That may be for the better since it sounds like you didn't need any help after all and also decided not to share what you discovered about the Exchange settings. Critical reading is ok on my end and couldn't be any more clear, thanks.

You may also be in violation of the Home & Student Office license agreement if you use it in an enterprise situation. You need to look into Office 365 in that case...

Microsoft didn't over promise anything if you had read even the most basic info... There is no reason you should be in the dark about the limitations of Windows RT, the licensing terms for the included Office or the limitations of available apps that will take some time to come...

Once you have done the proper research, you may know if the Surface works for your needs or not just on the documentation. If it doesn't move on. If it might, then you can see how it works out with your evaluation unit. If you have specific questions instead of general gripes and can detail specific issues (so far you have listed one) then chances are the kind people here will do their best to help you out but the attitude you have going in about it will probably dictate the quality of response you get.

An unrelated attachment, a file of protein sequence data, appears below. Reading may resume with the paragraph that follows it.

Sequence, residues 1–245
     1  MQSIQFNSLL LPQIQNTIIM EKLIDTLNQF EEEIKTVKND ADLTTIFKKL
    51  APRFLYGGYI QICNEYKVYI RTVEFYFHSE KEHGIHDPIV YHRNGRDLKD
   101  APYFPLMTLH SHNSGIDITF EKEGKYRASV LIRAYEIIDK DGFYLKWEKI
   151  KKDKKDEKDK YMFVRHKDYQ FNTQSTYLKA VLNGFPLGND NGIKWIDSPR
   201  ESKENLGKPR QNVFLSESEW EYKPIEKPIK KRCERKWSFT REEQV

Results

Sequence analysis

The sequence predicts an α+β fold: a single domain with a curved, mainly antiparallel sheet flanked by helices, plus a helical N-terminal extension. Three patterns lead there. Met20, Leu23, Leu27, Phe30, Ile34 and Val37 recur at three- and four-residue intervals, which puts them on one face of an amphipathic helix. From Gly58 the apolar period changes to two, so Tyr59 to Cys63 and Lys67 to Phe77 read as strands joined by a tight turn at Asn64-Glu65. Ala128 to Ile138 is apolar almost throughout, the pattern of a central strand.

JP
Notice the language here? I have highlighted some parts you may have missed. It was a helpful tip that HS Office isn't blanket covered for enterprise use. May is a key word to let you know you should look into this aspect more.

Why look into Office 365 for RT? Because if you do you quickly find out by doing a search "Surface RT Office 365" that you can have commercial use of Home & Student under 365/SA licensing.

As a companion device for enterprise yes but not as an enterprise device that is a desktop/laptop replacement. Everybody agrees it is a great companion in that case. You perhaps still misunderstand Office. It doesn't matter how many Office licenses you have, the only Office that you can put on RT is Home and Student which is not licensed for enterprise use. You will have to rely on remote or internet solutions in that case (for example no way to get Outlook on the RT).

Heck it can even be a primary device as long as you understand what it cannot do and was never intended to do. Yes, there are some things there are no work arounds or alternatives for.